Perhaps the credit union shows us something about the functionof all clubs.Any society is made up of many forms of associations, in each of whichany member can say who is up and who is down. Each institutionfunctions as a credit union, in which credit appears, not in explicitlyfinancial terms, in terms of a broadly-conceived terms of credit-worthinessand authority. Each is extended to varying degrees the approval andlicence of his peers. A member is involved a myriad relationships in whichhe is sometimes debtor, sometimes creditor. Informal accounting dependson our ability to monitor changes in status among our peers. In such agroup, each can remember who is up, who is down, and whose turn it isto deal next. One indication of the success of a society is that its membersdo not have to be too concerned about which of them in credit or debit: itcan afford to assume that a member who is in debt now will be in creditlater. This is possible as long as the question of his departure from thatassociation, and so the question of whether he can rack up a debt andthen leave, never arises. The bank is held in common in the memories of all members of this economy. This is not the case only where the group issmall or its members known to each other. Such exchange withoutrecords is the basis of all exchange. Exchange made explicit by records isa function of exchange which runs without explicit record-keeping.
Mohammad Grameen
Banker to the Poor: Creating a world Without Poverty 
(PublicAffairs 2003), Beatriz Armendáriz, Jonathan Morduch
The Economics of Microfinance
(MITPress 2007).
Keeping records has its own cost. Groups evolve ways to avoid thesecosts by avoiding the keeping of explicit records, dealing not in money(the formal system) but in credit, the informal system, because it ischeaper, faster and more exclusive. We use money because it saves onthe effort of paying honour specifically and fully, but we use the informalsystem of favours, that works on an implicit understanding of credit andhonour, because it saves on the cost of explicit accounting represented bymoney. ‘There are purely cognitive costs of organising and monitoringtransaction, such as the calculation of bill.’ 
No calculation is made withinthe family, the association or firm. ‘The function of the firm is not simplyto maximise transaction costs, but to provide an institutional frameworkwithin which the very calculus of costs is superseded.’ 
The informal andformal systems are not necessarily rivals. Without simultaneous use of both systems, and tactical decision-making about when to resort toexplicit record-making and when not, both systems would grind to a halt.
The firm
There are two reasons why we have to go to work. We go because we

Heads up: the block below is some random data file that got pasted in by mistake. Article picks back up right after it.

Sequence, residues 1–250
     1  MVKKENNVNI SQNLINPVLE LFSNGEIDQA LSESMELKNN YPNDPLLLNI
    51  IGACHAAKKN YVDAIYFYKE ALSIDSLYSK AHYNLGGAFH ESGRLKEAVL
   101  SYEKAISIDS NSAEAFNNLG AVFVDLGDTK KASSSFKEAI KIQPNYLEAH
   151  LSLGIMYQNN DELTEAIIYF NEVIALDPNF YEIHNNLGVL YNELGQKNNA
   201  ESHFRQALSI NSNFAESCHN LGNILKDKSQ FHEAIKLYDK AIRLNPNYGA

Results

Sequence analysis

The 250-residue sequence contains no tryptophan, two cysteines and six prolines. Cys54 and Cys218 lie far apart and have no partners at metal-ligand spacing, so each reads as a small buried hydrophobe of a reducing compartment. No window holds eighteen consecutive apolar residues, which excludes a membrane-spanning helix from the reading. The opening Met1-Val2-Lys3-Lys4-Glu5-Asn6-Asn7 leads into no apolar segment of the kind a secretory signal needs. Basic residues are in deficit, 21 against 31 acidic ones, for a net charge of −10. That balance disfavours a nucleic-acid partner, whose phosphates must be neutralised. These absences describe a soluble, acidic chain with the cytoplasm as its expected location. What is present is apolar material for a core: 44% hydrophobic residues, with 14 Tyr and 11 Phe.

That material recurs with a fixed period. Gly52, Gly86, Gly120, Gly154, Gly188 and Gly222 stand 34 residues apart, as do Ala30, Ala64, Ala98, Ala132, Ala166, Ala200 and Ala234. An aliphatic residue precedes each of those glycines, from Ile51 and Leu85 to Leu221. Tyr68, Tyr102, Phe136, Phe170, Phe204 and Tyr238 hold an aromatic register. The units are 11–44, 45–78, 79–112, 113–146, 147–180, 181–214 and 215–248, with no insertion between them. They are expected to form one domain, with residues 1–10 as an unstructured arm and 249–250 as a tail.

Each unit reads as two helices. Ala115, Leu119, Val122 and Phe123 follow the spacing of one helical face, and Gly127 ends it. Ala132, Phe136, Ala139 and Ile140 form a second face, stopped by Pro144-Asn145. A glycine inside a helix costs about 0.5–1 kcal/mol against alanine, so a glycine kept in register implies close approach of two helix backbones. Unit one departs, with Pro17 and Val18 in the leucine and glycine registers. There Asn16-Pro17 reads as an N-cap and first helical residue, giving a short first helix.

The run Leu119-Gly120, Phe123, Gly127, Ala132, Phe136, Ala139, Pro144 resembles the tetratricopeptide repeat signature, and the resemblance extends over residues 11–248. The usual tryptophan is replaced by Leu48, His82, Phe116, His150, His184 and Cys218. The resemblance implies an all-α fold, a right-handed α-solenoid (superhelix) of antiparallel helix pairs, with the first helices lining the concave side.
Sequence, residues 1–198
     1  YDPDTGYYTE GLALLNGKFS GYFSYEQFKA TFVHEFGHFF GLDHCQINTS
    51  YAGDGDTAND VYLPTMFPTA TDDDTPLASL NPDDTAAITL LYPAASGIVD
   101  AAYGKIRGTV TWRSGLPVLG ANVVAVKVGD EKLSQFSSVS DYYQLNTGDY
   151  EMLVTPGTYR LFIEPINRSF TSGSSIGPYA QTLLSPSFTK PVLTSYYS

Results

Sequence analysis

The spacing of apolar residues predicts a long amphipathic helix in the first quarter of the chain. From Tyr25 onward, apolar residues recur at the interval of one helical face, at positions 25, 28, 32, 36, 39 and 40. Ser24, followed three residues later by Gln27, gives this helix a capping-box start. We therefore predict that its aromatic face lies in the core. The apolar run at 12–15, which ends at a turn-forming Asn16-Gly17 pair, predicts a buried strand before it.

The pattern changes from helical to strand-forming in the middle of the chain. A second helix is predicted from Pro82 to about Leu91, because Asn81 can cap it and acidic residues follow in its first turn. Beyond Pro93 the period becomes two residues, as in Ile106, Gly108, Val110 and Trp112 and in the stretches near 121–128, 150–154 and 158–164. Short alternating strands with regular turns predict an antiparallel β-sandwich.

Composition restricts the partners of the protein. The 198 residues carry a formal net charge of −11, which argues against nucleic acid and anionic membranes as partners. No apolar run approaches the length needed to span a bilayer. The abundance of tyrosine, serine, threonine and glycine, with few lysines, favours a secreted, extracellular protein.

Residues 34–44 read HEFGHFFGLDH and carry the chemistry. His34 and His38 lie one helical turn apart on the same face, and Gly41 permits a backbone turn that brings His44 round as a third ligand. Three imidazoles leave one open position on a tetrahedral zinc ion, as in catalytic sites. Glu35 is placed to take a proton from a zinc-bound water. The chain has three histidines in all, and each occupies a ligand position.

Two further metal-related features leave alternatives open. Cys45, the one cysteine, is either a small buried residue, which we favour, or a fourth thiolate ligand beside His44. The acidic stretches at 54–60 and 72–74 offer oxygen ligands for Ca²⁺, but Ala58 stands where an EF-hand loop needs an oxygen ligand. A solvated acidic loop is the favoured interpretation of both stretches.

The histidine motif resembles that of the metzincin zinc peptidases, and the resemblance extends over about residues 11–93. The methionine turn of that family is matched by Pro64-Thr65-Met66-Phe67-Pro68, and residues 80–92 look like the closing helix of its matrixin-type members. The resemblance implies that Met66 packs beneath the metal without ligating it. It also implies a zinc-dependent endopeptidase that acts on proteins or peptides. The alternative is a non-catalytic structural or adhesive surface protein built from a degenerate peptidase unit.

to and we go of work because we
to. Let us think over thesecond since it is the neglected reason. We go to work because we wantto be with other people. Being a member of this company is the rewardwe seek. The firm bestows your identity on you and so your identity issecured. Belonging is everything. Being united to your fellowman is thefundamental union towards which every transaction gestures.We get a job, become an employee and come into relationship with theseother employees, our fellow members in this household. We join them, sothere is an unmediated form of reconciliation and united between us here.We go to work to be with our mates; a bond, of honour, of humour, holdsus together. We perform for their praise, and bound to one another by acommon distrust of some other group, our managers or customers. This isthe ‘economy of regard’.
 ‘Even the largest multinational corporation, even the largest factory ismade up of small groups, the paint shop, on the assembly line, or in theboardroom. In face-to-face settings the economy of regard kicks in.’ 
This elective household is a thing of many levels. Each member goes towork in order to sustain their position in it. There is no absolute securityof tenure. Together we play the game of deciding which of our fellows wewill combine against next and attempt to demote or eject; the frisson thisgives is part of our reward.
Geoffrey Hodgson
Economics and Institutions
(Polity 1991) p. 203
Economics and Institutions
p. 207
Landa Trust
 , Ethnicity and Identity: Beyond the New Institutional Economics of Ethnic Trading Networks, Contract Law, and Gift-Exchange
(Michigan 1995) p. 49 ‘It is implicitlyassumed in the standard theories of exchange that there are no costs in the making of transactions. In such a world of zero transaction costs, institutions such as money,middlemen, and the legally-binding contract would be redundant. Recent contributionshave emphasised the costliness of the barter exchange process and the positive roleplayed by money and middlemen in reducing costs.’ 
Avner Offer
The Challenge of Affluence
(Oxford University Press) p. 89